You can't have it both ways!

Discussion in 'Fly Fishing Forum' started by Bob Triggs, Jun 6, 2012.

  1. Bob Triggs

    Bob Triggs Your Preferred Olympic Peninsula Fly Fishing Guide

    I am tired of hearing that people went into a fly shop to check out some new gear, (rods, reels, vises, materials, books, even trying on clothing, boots etc), asking the shop people some questions, and then promptly ordered the item from amazon or some similar site. Sometimes this online ordering was done with a smartphone from the very shops in question. This is just low. Im sorry, but if you think that some screen zombie at amazon is going to help you in any aspect of flyfishing, aside from a cheaper price, then you are totally lost. Don't lament the loss of fly shops in these past few years, and then come bragging here that you saved a lot of money on the internet. Fly Shops are more expensive because they provide merchandise and a service within a highly specialized and diverse set of activities. It is much more than just a job to run a fly shop. For many shop owners this is a way of life. Next time you are in a new location, looking for information on waters, hatches, flys etc, try calling amazon or some other sales site and see how that works out. Pissed! NOTE: (Saturday june 9 4:30 pm) Most of the replies to this topic are so far off topic it is become a sad reminder of what we have lost. And to the people who have a need to attack each other here I say: good thing we have some decent fishing weather coming!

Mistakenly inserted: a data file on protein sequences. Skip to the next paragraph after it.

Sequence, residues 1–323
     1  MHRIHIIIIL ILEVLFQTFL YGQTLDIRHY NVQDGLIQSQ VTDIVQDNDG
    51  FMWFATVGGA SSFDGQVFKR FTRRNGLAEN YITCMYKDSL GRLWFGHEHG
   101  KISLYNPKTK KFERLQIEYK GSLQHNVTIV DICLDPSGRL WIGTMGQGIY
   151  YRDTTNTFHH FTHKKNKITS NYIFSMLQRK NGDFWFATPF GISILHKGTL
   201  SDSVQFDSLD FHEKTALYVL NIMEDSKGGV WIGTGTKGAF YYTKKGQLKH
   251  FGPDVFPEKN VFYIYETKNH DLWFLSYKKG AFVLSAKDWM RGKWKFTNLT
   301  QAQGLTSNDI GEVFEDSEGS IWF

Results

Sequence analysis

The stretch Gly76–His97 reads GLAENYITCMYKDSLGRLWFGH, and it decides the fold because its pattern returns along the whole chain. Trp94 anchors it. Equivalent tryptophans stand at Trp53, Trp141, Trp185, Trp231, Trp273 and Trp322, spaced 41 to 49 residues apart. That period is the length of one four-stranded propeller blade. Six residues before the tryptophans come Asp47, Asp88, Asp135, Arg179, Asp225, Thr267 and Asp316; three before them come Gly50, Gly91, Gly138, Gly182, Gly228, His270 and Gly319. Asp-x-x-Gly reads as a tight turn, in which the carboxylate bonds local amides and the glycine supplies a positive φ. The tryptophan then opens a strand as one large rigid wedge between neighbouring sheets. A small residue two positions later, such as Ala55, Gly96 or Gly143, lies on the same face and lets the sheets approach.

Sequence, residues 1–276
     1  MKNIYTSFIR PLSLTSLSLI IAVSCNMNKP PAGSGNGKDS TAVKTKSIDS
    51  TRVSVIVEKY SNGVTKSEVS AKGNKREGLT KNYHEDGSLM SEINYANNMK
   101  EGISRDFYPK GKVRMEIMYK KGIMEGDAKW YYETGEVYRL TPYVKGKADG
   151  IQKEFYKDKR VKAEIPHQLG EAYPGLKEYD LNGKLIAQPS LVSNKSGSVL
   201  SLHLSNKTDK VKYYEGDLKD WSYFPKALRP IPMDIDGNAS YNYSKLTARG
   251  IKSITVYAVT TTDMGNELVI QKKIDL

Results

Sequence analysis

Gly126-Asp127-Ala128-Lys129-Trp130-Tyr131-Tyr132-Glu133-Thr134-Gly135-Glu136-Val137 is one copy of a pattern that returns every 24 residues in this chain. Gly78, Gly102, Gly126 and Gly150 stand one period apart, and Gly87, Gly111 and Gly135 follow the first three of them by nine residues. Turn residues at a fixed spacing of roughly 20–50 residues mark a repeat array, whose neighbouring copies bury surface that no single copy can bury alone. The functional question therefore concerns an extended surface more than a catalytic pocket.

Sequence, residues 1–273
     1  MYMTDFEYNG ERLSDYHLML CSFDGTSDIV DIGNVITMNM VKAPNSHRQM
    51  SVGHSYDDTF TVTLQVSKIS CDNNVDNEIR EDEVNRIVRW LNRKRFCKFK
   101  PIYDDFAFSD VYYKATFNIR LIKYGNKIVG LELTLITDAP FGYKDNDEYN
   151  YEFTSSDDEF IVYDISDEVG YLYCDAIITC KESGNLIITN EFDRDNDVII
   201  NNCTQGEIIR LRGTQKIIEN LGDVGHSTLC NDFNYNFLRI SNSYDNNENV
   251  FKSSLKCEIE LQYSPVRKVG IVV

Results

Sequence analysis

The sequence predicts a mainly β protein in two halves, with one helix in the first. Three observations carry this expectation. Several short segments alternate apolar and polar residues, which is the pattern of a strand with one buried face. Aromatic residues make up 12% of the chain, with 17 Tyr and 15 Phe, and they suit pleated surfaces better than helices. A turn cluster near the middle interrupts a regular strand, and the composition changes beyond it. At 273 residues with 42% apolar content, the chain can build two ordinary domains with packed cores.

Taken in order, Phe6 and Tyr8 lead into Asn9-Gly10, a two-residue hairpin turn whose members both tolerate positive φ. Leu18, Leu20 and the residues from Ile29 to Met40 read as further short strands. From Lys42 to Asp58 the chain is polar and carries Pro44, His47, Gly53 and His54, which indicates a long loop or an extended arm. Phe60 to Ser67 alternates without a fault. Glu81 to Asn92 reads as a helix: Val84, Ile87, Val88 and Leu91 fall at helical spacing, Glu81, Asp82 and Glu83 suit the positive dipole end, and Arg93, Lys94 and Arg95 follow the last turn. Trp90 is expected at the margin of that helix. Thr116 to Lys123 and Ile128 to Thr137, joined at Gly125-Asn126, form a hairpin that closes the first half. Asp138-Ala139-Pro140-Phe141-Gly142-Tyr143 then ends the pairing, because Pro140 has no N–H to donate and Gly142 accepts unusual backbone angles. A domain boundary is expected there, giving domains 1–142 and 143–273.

2. BRsnow

    BRsnow Member

    If that happens the shop is not providing enough value, you need to give the consumer a reason to spend more for the same product. If you are being used as a fitting shop for online shoppers then the problem is with the shop. BR
    Kcahill likes this.
  3. Derek Young

    Derek Young 2011 Orvis Endorsed Fly Fishing Guide Of The Year

    Ask for the sale. It's amazing how many times I've shopped for non-fly fishing items, except for vehicles, and the sales person never asked for my business.
    Jason Decker likes this.
  4. freestoneangler

    freestoneangler Not to be confused with Freestone

    This post has all the ingredients to go nuclear... think I'll have butter on this batch of popcorn :eek:
    Cedar, wells598 and bennysbuddy like this.
  5. Derek Young